Unpacking the Biggest Takeaways from Shopify's Winter '24 Edition

Unpacking the Biggest Takeaways from Shopify's Winter '24 Edition

The Shopify Winter '24 Edition has just been released, and it's packed with updates that can boost your conversion rates, enhance your marketing strategies, and refine your operations. This edition is not just about the immediate impact—it’s about setting the stage for sustained success and scalability.

With more than 100 updates from Shopify, there’s a lot you could focus on.

However, the AfterShip product and data teams think a few major elements of the update are particularly significant to retailers. We’ll share why they should be worthy of your attention and the strategy behind them.

What are Shopify Editions?

Shopify Editions is the eCommerce giant’s name for newly released product updates across their platform. Since 2022, these releases have happened twice a year—once in the summer and once in winter—and often include hundreds of updates, big and small.

Overview: Laying the Foundations

The theme of this season’s edition is "Foundations," with Shopify promising infrastructural updates designed to pave the way for more dramatic updates in the future. 

Unlike previous entries—which had evocative titles like "Imagine My Business" and "Built to Last"—this edition has seen less immediate buzz in social media circles. Yet many changes here will be equally or even more significant to how you run your store in the long run.

This Shopify update is also a lot more focused. The structure of the Winter ‘24 Edition has been dramatically simplified, with only five areas of focus retained:

  • Conversion: Updates related to checkouts and conversion, including updates that can improve your store's conversion rate, like Semantic Search and checkout extensions.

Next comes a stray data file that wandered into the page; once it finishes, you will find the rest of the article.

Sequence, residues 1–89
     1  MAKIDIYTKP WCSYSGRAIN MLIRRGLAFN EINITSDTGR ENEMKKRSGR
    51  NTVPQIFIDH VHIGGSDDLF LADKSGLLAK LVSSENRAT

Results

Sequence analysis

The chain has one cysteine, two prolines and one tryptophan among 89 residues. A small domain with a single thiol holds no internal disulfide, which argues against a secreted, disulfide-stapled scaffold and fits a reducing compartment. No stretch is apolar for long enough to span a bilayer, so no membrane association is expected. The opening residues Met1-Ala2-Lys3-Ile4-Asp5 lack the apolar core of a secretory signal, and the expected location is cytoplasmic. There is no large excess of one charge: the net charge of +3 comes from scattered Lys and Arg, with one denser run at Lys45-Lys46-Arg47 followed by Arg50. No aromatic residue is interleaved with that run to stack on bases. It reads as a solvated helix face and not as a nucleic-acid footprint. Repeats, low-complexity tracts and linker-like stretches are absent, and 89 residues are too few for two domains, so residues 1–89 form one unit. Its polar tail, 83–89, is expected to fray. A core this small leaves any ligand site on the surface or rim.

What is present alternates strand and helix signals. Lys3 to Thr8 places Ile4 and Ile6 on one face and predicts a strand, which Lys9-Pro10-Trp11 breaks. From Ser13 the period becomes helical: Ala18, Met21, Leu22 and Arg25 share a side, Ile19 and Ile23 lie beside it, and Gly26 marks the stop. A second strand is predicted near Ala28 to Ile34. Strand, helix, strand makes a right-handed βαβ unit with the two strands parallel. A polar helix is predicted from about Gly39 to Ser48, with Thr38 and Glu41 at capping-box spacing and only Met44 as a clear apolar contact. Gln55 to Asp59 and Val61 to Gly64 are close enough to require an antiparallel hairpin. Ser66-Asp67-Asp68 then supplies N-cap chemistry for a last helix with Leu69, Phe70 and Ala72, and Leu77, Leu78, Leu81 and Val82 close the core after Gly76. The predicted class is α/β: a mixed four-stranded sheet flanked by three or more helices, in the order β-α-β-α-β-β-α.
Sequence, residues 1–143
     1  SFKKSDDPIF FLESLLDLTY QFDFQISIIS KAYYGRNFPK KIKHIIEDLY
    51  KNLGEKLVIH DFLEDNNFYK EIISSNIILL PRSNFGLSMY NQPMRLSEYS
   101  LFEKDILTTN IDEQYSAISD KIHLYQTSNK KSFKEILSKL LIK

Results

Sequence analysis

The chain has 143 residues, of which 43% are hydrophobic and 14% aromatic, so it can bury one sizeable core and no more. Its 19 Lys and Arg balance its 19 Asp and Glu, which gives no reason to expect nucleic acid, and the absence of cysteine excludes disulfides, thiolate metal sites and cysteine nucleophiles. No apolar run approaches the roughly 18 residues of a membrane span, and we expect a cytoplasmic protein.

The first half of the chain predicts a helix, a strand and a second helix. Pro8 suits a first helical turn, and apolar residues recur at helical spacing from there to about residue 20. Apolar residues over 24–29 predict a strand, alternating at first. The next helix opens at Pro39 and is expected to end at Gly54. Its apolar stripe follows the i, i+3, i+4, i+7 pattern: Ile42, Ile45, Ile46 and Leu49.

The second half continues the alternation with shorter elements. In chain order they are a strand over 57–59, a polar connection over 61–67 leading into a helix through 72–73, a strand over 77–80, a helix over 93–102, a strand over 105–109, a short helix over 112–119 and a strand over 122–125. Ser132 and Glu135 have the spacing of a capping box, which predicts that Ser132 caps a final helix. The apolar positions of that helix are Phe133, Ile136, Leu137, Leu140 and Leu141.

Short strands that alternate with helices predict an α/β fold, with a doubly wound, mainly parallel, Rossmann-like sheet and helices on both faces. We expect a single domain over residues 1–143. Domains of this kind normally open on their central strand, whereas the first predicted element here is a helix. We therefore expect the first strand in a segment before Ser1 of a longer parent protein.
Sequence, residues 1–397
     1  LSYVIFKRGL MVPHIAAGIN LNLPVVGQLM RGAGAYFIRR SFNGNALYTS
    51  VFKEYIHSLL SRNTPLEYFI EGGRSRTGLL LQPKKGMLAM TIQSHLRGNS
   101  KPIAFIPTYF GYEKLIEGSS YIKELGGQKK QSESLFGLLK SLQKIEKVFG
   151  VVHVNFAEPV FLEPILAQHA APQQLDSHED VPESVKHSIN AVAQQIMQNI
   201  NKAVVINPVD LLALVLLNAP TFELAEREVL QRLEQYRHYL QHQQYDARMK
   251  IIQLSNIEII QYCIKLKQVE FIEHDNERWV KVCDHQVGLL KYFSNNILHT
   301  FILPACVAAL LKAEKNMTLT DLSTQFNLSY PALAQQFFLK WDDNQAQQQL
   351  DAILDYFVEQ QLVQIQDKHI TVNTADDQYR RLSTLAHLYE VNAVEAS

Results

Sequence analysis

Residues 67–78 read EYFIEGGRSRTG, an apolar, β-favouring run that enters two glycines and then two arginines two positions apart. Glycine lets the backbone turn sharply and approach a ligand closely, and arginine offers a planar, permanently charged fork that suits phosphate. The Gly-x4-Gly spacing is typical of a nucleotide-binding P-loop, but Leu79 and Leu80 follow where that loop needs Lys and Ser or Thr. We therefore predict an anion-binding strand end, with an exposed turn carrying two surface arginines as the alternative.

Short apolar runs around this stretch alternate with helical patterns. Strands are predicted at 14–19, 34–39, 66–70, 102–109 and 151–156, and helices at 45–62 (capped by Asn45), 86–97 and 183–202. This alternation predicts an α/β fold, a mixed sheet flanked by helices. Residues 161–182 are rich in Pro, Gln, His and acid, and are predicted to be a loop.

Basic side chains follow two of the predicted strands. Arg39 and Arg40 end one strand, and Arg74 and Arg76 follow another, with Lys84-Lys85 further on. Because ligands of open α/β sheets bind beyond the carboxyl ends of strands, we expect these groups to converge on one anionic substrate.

• Channels: Updates related channels outside the online store, whether POS, B2B, or Marketplace Connect—plus, updates that expand channels and help merchants secure more GMV.
  • Marketing: Updates related to customer acquisition and helping merchants bring more traffic to their storefronts.
  • Operation: Updates related to Shopify's operating functions, such as Shopify Flow.
  • Developer: Updates for developers. (This section explores the same changes above from a developer perspective, so we’ll leave it out of our analysis today.)

Below, we dive deeper into each one.


Improvements to product merchandising foundations

One of the biggest surprises from Shopify Winter 2024 Edition is the attention paid to core functionality: namely, product merchandising. These changes look to solve several longstanding and widely criticized technical limitations within the platform itself:

1. Difficulty managing variant options.

Shopify features four default variant options for any product type: size, color, material, and style. However, these options have limited coverage and don’t apply to many products sold on the platform (for instance, most food probably wouldn’t use a color or material attribute).

These values also need to be manually filled in, which can require merchants to spend a lot of time.

Shopify variant selection is limited to four options.

2. Limitations to how many variants can be created.